Understanding What Types of Child Custody Are Available
Before deciding on the type of child custody arrangement that is right for your family, it’s important to understand what types of child custody are available. This article will discuss joint physical custody, sole physical custody, and parental visitation rights. Ultimately, your final decision will depend on the best interests of the child.
(For a Family Lawyer, contact us today! Click here: https://familylawmissoula.com)
Joint physical custody
Joint physical custody is a form of child custody that ensures that both parents have regular contact with their children. While this arrangement may seem more difficult than a traditional split custody arrangement, it is much more logistically feasible and allows both parents to be involved in raising their children. Moreover, joint physical custody can be worked into virtually any parenting schedule. For example, parents who live close to one another can arrange for midweek visits, extended weekends, or even longer holiday breaks. Parents who can’t get together regularly, they can arrange for regular phone calls.
When a couple gets divorced, they may decide to choose joint physical custody. Joint physical custody means that the child will spend half of each parent’s time with the child. This arrangement is usually the best option if both parents live in the same state. This is because the child will have less stress from being with each parent. Additionally, joint physical custody agreements tend to be more beneficial for children as they keep the children’s routines similar. However, in some cases, the courts may find that joint physical custody is not in the best interest of the child and award the custodial parent sole physical custody.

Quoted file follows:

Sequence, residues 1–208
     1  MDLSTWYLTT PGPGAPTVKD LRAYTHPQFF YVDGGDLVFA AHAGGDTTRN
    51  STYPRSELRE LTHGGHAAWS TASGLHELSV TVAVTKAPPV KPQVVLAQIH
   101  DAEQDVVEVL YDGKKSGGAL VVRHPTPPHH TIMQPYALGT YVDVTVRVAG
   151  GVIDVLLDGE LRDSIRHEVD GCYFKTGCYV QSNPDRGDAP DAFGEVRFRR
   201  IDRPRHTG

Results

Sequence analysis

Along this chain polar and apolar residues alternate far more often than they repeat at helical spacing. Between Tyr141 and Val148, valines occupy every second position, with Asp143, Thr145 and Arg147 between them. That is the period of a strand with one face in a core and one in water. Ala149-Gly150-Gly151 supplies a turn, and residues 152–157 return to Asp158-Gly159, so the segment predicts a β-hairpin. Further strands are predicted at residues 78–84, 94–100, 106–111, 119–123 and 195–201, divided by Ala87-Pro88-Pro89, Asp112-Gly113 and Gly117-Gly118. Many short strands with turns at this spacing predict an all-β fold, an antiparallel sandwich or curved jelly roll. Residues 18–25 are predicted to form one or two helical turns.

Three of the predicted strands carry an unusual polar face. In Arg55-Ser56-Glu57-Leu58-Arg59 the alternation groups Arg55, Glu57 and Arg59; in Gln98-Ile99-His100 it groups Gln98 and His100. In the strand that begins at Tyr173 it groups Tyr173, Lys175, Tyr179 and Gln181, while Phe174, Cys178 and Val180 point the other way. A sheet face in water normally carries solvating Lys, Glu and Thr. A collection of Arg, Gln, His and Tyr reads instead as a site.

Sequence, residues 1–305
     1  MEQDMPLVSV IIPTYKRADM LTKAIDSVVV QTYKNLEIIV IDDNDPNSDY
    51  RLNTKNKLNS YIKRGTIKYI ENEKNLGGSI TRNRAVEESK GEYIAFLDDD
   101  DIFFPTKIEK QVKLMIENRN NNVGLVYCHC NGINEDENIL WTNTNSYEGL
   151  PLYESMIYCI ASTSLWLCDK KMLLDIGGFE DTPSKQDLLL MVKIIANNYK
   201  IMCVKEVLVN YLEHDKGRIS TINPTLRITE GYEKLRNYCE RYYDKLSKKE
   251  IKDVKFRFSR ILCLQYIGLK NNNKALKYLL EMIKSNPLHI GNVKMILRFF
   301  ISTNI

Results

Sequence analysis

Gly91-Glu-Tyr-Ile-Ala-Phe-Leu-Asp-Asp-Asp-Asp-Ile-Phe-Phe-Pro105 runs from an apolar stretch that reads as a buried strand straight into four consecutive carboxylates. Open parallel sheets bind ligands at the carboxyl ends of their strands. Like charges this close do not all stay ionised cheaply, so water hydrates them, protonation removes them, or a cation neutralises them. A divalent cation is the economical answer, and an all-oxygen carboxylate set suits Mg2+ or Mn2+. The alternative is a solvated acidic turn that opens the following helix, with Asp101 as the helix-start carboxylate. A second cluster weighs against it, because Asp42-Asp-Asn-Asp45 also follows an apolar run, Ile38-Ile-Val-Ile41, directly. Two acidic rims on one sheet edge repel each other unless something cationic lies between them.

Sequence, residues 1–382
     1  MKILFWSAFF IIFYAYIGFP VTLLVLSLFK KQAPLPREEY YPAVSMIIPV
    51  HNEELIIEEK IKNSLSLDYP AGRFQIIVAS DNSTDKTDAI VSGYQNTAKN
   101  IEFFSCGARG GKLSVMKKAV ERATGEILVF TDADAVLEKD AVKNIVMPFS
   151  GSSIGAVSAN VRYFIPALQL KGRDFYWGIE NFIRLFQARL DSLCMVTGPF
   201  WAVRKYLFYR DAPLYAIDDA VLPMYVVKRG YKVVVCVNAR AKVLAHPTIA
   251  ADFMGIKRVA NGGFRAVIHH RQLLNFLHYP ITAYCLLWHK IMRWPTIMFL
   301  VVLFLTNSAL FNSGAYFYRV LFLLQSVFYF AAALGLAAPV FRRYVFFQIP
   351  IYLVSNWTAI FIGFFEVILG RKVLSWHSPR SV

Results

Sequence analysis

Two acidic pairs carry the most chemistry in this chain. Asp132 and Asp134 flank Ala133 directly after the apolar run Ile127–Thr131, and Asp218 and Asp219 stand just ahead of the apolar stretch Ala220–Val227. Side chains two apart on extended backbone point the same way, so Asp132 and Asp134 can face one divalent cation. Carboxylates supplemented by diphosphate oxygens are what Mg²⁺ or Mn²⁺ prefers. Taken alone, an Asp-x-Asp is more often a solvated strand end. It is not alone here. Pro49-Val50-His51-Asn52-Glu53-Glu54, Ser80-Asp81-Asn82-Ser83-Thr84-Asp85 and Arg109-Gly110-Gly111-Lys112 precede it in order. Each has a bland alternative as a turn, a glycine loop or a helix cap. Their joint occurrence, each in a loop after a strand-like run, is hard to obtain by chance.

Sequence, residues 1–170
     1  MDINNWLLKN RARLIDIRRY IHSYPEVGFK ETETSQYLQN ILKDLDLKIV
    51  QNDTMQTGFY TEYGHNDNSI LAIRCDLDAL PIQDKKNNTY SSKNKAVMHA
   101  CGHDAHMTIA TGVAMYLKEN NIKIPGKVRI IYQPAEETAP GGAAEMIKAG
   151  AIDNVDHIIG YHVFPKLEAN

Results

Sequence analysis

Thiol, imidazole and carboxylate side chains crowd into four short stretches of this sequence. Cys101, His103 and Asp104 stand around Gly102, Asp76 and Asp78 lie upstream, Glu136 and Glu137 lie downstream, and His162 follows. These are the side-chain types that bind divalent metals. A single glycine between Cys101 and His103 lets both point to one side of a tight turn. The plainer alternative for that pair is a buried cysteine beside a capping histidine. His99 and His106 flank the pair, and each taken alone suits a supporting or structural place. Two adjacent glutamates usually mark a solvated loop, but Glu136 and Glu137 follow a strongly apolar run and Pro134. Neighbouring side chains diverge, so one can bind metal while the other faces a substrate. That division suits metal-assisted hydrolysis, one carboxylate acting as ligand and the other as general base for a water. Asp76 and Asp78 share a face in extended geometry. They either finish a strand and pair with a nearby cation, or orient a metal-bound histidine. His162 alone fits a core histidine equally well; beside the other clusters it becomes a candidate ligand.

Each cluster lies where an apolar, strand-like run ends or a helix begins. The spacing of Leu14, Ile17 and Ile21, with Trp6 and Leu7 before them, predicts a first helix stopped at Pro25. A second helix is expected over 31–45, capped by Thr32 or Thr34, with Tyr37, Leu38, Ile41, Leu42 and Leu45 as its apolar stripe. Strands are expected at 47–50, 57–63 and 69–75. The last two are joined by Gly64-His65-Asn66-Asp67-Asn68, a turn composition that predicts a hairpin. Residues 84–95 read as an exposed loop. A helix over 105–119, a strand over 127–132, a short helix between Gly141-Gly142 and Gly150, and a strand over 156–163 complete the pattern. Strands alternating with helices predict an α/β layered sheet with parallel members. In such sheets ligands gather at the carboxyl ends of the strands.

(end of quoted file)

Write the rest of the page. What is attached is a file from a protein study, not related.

Sole physical custody
A child custody order can grant one parent sole legal custody or joint physical custody of their child. Legal custody involves important decisions regarding the child’s upbringing and includes topics such as religious tutelage, health care, and education. Physical custody, on the other hand, involves everyday caretaking duties. In other words, physical custody is where the child lives and spends the most time. Parents who share physical custody of their child share responsibilities for the child’s upbringing, such as clothes, shelter, and health care.
Sole physical custody is different from joint custody in that both parents share equal time with their children. Joint physical custody allows for ample visitation with the other parent but requires equal participation in decision-making. Joint legal and physical custody are two different things, and the laws for child custody vary from state to state. As a result, each state’s laws will determine the meaning of the custody decree.
Parental visitation rights
In child custody proceedings, the noncustodial parent may be granted parental visitation rights. These visitation rights allow the noncustodial parent to spend time with the child. These rights are determined by the court based on the child’s best interests. Courts consider factors such as proximity to schools, doctor’s offices, friends, and the community in which the child resides.
If the parents can agree on a reasonable visitation schedule, the court will defer to that parent’s wishes. Parents should also remember that if the two parents cannot agree, they must file a formal motion seeking a court order to establish the visitation schedule.
The court may also deny visitation rights if the noncustodial parent can show that visitation will cause the child harm. Courts are more likely to deny visitation rights if the noncustodial parent has abused the child in the past or is suffering from mental illness. A noncustodial parent with a criminal record is also not automatically denied visitation rights.